With the recently imposed ban on BS-III (Bharat Stage 3) vehicles; the manufacturers had to sell out huge chunks of their vehicles in highly discounted prices, as Supreme Court of India upheld their decision to ban the sales of BS-III compliant vehicles from 1st April, 2017. Though the very first introduction of BS-IV norms came into picture in 2010, it took 7 years to make it a nationwide compulsion. Initially it was introduced in NCR and 13 other cities only. Now with rising pollution and stricter norms, Government of India is planning to straightaway shoot up to BS-VI norms in April 2020 by skipping the transition to BS-V norms; thus making it the fastest migration to BS-VI.
|Bharat Stage II||Euro 2|
|Bharat Stage III||Euro 3|
|Bharat Stage IV||Euro 4|
|Bharat Stage V||Euro 5|
|Bharat Stage VI||Euro 6|
As the Global Pollution levels rise rapidly, a time will come when the world will switch to Electric Vehicles, Hybrid Electric Vehicles or Vehicles running on Alternate Fuels. But with the development cost and still a very nascent market, the transition span would be high. Meanwhile, let us grasp how vehicles pollute the environment and how we can manually know or control our vehicle’s emission health.
There are three major sources from which atmospheric pollution is caused by an automobile; Fuel Tank, Crankcase and Exhaust pipe. If the engine is carburetted then the Carburetor is also a source of pollution. A carburetor and/or fuel tank emit fuel vapour, crankcase emits blow-by gases and the exhaust pipe emits exhaust gases. All of them include pollutants, Hydrocarbons (HC), Carbon Monoxide (CO) and Nitrogen Oxides (NOx). As these pollutants are very inimical to health, emission norms had to be levied. Out of the total Automotive Air Pollution, 20% HC are emitted from fuel tank and/or carburetor, 20% HC from crankcase and 60% HC, CO and NOx from exhaust pipe.
With stricter emission norms and growing technology, three major systems have been put in place for Automotive Emission Controls :
Positive Crankcase Ventilation : This system delivers fresh air to sweep out blow-by and vapour gases, and along with them entering the engine to give the pollutants another chance to burn.
Evaporative Emission Control : This system seizes any fuel vapour coming from fuel tank and float bowl (carburetted engines) and prevents them from escaping into the atmosphere.
Exhaust Emission Control : This is an amalgamation of various systems, mechanisms and methods who work together to reduce the emissions from exhaust pipe.
There are various other mechanisms which help in keeping the pollutants in control, such as :
Crankcase Ventilation : Engines have some blow-by gases which are majorly unburnt fuel and some residues of combustion. These blow-by gases slip past the piston rings and into the crankcase. This system prevents pressure buildup, oil leaks and also removes blow-by gases to prevent formation of corrosive acids and sludge. You must have noticed corrosion at the ends of your exhaust pipes, nuts, bolts and sometimes even the header pipes. This corrosion happens due to these corrosive acids which are the result of combustion.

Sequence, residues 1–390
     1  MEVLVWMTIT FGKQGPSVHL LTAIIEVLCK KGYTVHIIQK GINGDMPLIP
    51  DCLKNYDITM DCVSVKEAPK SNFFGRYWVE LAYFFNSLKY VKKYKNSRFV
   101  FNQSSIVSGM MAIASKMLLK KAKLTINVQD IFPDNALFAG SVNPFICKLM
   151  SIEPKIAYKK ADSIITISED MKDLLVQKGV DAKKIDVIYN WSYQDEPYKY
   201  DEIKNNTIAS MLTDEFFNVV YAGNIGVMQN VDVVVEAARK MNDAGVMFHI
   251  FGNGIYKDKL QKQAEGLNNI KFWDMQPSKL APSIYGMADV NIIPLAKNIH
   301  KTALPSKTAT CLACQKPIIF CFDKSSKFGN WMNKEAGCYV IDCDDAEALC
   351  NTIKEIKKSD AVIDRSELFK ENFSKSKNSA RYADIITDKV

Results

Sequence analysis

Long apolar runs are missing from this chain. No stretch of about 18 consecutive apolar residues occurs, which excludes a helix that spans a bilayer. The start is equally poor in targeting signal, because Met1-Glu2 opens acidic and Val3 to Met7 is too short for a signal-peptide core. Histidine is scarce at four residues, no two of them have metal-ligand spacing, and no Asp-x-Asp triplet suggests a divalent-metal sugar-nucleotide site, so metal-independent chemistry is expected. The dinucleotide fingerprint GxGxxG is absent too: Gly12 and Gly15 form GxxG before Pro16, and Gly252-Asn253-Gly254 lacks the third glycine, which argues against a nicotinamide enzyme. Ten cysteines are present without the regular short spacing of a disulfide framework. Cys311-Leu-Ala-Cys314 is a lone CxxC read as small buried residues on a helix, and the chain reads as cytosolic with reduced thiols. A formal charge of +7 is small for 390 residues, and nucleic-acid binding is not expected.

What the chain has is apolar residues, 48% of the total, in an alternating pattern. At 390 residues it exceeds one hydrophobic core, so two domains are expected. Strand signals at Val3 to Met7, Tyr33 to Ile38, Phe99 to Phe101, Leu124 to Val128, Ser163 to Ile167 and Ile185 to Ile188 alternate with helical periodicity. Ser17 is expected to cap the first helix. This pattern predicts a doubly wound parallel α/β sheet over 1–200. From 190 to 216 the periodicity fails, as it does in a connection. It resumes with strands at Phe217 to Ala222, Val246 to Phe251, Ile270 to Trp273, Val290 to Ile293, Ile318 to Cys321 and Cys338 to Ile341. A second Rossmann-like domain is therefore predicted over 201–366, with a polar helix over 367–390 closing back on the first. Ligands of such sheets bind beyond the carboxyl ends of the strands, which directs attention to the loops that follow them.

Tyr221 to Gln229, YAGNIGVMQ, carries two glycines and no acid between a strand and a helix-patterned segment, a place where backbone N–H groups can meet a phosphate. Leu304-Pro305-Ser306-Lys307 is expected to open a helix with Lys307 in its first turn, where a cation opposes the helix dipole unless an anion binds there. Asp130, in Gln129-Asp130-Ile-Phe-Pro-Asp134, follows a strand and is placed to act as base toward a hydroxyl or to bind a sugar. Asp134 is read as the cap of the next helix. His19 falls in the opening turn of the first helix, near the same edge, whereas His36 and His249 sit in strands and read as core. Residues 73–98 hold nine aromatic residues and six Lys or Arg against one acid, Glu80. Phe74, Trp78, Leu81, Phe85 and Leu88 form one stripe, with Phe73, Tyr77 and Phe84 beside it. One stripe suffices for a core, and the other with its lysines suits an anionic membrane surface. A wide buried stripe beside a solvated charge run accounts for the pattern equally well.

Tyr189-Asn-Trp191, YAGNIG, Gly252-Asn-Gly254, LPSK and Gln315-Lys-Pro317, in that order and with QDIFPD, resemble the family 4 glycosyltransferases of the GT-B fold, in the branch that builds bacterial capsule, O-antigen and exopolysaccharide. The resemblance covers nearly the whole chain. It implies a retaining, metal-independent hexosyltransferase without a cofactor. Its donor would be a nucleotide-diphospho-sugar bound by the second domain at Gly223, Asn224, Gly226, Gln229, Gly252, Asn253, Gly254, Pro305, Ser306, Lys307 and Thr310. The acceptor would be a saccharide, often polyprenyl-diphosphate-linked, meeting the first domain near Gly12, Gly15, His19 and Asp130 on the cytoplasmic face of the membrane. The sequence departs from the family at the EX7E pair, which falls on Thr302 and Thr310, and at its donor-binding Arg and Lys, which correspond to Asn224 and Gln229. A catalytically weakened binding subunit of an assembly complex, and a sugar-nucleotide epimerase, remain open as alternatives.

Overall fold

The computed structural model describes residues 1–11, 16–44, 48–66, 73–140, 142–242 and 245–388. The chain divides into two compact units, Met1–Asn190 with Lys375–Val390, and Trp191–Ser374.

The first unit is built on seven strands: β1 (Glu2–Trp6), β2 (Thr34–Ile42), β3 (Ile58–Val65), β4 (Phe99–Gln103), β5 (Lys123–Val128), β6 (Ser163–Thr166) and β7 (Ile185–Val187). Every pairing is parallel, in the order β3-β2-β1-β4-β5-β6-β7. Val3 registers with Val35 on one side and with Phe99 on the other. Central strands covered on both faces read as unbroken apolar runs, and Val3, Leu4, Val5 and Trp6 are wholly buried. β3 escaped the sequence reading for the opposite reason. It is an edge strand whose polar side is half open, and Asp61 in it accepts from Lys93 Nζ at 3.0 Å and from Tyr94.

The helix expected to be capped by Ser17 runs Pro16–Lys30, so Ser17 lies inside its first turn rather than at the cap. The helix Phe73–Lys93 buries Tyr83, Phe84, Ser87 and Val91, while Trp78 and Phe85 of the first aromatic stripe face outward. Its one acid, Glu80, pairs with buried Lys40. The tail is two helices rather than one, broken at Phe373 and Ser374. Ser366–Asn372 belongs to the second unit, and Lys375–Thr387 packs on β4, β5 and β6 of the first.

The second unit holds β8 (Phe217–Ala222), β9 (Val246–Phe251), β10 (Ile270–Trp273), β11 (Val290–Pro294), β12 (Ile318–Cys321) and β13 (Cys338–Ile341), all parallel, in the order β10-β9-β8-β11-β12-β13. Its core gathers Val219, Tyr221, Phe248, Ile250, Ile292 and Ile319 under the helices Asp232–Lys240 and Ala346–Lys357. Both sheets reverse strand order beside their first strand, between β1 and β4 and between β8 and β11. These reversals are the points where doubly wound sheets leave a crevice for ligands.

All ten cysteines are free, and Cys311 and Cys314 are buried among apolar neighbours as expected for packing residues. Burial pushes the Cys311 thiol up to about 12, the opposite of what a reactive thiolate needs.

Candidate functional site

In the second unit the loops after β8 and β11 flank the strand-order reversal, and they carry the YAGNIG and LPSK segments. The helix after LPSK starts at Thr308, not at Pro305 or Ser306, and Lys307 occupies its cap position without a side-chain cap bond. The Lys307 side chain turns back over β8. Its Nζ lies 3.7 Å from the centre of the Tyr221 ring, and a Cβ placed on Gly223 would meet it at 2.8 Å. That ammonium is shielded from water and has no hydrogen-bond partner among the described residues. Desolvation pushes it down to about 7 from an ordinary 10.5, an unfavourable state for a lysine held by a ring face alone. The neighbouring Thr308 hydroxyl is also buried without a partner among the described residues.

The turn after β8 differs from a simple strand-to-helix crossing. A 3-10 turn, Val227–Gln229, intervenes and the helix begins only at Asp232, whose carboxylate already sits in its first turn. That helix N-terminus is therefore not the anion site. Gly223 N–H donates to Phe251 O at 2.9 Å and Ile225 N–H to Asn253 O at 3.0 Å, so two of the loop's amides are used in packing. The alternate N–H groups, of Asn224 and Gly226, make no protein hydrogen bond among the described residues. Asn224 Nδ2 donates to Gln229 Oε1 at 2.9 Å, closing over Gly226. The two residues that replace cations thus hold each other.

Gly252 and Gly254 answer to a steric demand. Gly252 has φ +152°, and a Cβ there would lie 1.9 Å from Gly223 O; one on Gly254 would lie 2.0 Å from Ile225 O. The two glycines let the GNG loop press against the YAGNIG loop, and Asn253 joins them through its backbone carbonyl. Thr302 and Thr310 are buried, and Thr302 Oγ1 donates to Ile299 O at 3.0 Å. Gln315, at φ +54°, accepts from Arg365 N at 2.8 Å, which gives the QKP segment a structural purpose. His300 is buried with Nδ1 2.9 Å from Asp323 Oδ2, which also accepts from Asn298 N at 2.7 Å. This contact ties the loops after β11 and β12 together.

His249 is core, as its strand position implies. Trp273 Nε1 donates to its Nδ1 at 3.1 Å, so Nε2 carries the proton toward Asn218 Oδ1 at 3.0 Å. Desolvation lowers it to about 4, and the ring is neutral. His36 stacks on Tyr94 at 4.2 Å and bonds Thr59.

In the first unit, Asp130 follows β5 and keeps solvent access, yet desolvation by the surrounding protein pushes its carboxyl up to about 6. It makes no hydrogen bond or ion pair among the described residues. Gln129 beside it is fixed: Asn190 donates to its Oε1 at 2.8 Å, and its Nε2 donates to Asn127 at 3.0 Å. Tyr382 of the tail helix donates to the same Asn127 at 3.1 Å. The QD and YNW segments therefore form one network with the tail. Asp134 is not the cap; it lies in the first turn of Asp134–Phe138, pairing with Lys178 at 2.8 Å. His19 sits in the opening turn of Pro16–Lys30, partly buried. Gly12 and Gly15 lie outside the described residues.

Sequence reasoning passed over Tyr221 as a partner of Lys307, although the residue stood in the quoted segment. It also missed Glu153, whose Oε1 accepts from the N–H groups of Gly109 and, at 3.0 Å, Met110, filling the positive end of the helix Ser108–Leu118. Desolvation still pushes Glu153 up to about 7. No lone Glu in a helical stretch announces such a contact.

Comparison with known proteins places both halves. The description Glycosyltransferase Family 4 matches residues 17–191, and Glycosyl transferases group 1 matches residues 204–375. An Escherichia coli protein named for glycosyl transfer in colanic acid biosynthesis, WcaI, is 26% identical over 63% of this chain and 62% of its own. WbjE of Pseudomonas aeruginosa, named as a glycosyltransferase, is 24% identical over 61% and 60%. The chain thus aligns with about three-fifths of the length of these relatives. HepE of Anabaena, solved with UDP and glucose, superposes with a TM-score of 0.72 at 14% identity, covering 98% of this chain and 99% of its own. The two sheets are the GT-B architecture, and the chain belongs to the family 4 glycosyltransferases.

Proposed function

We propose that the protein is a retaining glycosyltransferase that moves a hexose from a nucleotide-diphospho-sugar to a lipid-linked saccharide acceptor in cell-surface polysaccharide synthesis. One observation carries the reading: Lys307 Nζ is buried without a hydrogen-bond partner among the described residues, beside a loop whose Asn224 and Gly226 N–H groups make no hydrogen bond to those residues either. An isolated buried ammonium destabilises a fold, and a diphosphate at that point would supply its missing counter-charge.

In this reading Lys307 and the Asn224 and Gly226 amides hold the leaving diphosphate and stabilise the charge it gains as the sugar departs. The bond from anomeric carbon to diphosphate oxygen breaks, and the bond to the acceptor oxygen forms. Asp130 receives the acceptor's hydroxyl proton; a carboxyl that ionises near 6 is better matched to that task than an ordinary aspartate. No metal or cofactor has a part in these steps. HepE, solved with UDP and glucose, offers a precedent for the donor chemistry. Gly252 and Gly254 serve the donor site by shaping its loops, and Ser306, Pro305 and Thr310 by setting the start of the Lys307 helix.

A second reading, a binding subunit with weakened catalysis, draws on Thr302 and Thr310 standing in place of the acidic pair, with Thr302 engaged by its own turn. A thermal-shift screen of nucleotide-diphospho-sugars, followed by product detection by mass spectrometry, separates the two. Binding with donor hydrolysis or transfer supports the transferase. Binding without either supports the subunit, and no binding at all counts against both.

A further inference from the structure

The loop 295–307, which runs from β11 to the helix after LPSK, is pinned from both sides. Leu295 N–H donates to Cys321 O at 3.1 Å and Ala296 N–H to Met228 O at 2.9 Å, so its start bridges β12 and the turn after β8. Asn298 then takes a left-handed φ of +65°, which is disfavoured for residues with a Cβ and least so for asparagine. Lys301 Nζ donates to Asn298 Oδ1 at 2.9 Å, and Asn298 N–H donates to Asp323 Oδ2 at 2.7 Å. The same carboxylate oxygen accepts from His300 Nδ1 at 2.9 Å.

Use of Charcoal/Carbon Canisters : The canisters “adsorbs” the fuel vapour. “Adsorbs” means that the vapour is not absorbed but trapped onto the outer layer. Later, when the engine is run, fresh air flows through the canister and picks up the fuel vapour.
Cleaning of Exhaust gases : The combustion in engines is never complete and some unburnt fuel (HC) and CO (partly burned fuel) always remain in the exhaust gas. More HC would burn with higher combustion temperature but higher combustion temperature would lead to more NOx gases. There are two simple ways to go around this issue :
- Controlling the fuel quality (by checking the octane rating of fuel which you fill up)
- Controlling the air-fuel mixture (by having your system deliver a leaner air-fuel mixture)
Exhaust Gas Recirculation : Excessive NO2 gases are formed when peak combustion temperature exceeds 1927 oC, and to lower this temperature many engines use EGR system. It is used to recirculate 6% to 13% of inert exhaust gases back into the intake manifold. EGR system is also equipped with back-pressure sensor and is controlled by ECM.
Catalytic Converter : The catalytic converter converts pollutants into harmless gases by causing a chemical reaction, without being the part of it. It converts HC and CO into H2O and CO2 by using platinum and palladium as oxidizing agents. While it splits NOx and makes it into harmless nitrogen and oxygen, by using rhodium as the reducer. There are also Dual-Bed and Three-Way Catalytic Converters.
There are still various systems and checks the manufacturers need to go through before releasing them into the market, just to meet the emission norms. But to save our own environment these steps are unquestionably necessary. These are the systems which are in the control of the buyers, so we highly recommend you all to keep a check on these systems, service them regularly and always periodically get your PUC certificate.